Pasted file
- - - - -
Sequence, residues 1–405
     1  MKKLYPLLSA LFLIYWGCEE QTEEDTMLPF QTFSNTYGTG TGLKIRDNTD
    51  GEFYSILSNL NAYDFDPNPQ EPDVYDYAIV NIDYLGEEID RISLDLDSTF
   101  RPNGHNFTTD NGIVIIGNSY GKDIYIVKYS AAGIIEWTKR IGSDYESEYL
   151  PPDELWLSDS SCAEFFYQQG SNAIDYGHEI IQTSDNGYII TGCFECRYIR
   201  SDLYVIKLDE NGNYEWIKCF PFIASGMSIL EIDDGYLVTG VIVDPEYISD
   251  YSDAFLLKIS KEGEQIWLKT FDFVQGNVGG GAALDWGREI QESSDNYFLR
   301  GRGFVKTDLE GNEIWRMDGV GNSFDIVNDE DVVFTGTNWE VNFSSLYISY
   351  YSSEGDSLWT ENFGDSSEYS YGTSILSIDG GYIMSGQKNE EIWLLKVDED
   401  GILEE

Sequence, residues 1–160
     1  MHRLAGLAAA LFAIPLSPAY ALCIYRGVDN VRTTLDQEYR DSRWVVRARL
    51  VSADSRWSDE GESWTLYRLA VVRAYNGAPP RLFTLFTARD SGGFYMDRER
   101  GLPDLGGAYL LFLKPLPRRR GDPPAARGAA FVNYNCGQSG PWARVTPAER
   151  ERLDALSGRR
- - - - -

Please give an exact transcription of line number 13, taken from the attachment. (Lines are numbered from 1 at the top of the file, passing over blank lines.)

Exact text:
    51  VSADSRWSDE GESWTLYRLA VVRAYNGAPP RLFTLFTARD SGGFYMDRER